Introduction– The Companies Act, 2013 (“The Act”) defines a director to mean ‘a director appointed to the Board of a company’. The Act consists of the concept of an ‘officer who is in default’ for the purposes of affixing liability on such person in respect of any contravention of the provisions of the Act by the company. The ambit of ‘officer who is in default’ is wide and includes, inter alia, every whole-time director.
1. Liability to the company:
- Breach of fiduciary duty: Directors hold office of trust along with power and are expected to exercise this power in the best interest of the company. If such duties are discharged dishonestly, there is a breach of fiduciary duty. In conflicts of interest, the concerned director should make complete disclosures and obtain the confidence of stakeholders to prevent liability.
- Ultra-vires act: Directors have powers subject to Companies Act, Memorandum and Articles of Association and exceeding these makes them personally liable. But if acts are intra-vires they can be ratified by the shareholders in the general meeting.
- Negligence: As long as the Directors exercise reasonable care and due diligence, they are fulfilling their duties. But if there is failure to exercise such care and caution, they are deemed negligent in their conduct and are personally liable for the consequent damages. But, an error of judgement is not considered negligence.
- Mala fide acts: Directors are trustees for the money and property of the company. They hold an office of trust and if they misuse their powers, they will be liable for breach of trust and may be required to reimburse the company for any loss suffered because of such an act.
2.Liability to third parties
The directors as agents of the company are not usually personally liable to third parties for any transaction entered on behalf of the company. They can be held personally liable only in exceptional circumstances when they contract in a personal capacity, or when the principal is not disclosed, or when it is a pre-incorporation contract or when the contract is ultra-vires the company and is not ratified subsequently.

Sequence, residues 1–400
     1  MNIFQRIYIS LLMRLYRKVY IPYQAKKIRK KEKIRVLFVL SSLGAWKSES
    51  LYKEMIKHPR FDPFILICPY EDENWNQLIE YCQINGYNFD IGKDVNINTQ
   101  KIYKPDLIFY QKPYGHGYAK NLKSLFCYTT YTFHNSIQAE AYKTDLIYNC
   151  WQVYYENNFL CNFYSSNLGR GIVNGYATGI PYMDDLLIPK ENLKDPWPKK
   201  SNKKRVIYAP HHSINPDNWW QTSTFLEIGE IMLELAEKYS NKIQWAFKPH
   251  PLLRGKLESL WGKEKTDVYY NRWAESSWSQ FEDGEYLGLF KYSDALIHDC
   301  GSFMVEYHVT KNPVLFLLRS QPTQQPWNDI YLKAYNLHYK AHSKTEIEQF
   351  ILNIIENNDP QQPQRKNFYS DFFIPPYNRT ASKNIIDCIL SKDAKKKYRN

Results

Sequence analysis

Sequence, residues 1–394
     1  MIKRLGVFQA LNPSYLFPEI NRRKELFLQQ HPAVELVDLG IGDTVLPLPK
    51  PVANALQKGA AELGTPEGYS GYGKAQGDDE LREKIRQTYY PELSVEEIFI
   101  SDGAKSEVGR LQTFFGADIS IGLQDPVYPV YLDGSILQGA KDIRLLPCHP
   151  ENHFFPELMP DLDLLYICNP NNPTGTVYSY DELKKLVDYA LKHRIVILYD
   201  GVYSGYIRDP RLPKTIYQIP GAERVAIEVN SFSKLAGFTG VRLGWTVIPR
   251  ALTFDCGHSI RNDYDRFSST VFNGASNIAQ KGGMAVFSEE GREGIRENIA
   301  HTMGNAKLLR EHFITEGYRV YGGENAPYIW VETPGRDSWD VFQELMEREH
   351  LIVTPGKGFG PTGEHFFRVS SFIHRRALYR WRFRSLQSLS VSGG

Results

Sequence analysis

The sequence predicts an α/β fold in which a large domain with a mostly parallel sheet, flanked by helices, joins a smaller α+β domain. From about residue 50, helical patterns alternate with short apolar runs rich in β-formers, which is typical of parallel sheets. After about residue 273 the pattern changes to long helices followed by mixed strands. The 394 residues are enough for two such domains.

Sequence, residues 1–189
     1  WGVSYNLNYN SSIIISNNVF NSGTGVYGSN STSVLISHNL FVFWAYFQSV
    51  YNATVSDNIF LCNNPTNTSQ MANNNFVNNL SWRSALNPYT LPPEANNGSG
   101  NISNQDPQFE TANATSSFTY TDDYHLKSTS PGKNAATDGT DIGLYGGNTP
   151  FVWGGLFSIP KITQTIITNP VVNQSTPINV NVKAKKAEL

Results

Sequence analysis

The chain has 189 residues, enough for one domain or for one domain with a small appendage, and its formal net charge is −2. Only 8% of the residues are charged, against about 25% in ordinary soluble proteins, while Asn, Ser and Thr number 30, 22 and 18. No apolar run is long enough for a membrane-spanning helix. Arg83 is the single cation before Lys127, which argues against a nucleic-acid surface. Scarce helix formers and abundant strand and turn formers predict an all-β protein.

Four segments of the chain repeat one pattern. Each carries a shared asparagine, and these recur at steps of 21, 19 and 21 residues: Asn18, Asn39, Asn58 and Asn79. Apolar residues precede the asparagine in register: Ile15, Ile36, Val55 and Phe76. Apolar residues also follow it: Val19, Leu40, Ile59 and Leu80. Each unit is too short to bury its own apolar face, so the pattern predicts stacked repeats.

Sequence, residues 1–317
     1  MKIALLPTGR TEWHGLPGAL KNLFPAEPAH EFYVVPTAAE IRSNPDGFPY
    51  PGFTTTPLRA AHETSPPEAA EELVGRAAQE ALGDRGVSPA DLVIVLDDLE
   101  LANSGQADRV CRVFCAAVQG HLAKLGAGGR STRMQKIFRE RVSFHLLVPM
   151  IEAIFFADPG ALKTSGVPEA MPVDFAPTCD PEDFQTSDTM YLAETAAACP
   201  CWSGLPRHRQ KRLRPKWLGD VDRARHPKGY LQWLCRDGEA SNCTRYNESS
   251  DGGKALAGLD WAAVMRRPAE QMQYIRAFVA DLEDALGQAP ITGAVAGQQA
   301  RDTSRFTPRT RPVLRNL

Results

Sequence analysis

3. Criminal liability of directors-
- Liability based on attribution– The debate on whether the director be held responsible for criminal acts of the company by applying the concept of alter-ego is settled by the Supreme Court in Sunil Bharti Mittal v. Central Bureau of Investigation. In the case, the Court mentioned that concept of alter-ego can only be applied to make the company liable for the acts of the directors. However, any director cannot be made responsible for the criminal offences committed by the company unless the statue specially provides for the same.
- Vicarious liability– A significant question is a matter of debate in Indian Corporate landscape, i.e. can a company be held responsible for the criminal action done by its employees. This question has been settled by the Supreme Court in case of Iridium India Telecom Ltd v. Motorola Incorporated, wherein, the Supreme Court analysed the criminal liability of the company for the action of its employees. In this case, the court observed that the criminal liability arising from the actions of the person in control of the company will be attributed to the company but not the other way around.